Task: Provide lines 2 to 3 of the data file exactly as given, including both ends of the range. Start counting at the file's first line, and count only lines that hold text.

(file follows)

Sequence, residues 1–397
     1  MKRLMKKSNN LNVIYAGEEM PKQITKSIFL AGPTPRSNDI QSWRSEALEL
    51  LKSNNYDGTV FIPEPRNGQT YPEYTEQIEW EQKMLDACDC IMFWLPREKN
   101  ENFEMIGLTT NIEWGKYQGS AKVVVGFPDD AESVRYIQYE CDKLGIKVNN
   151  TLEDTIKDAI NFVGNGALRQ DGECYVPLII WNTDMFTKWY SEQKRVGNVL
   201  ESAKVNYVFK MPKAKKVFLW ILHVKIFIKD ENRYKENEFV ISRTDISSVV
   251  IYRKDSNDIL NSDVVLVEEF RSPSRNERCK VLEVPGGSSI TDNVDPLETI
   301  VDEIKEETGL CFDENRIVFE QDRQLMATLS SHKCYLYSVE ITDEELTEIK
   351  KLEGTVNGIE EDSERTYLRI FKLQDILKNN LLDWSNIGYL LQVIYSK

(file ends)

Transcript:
     1  MKRLMKKSNN LNVIYAGEEM PKQITKSIFL AGPTPRSNDI QSWRSEALEL
    51  LKSNNYDGTV FIPEPRNGQT YPEYTEQIEW EQKMLDACDC IMFWLPREKN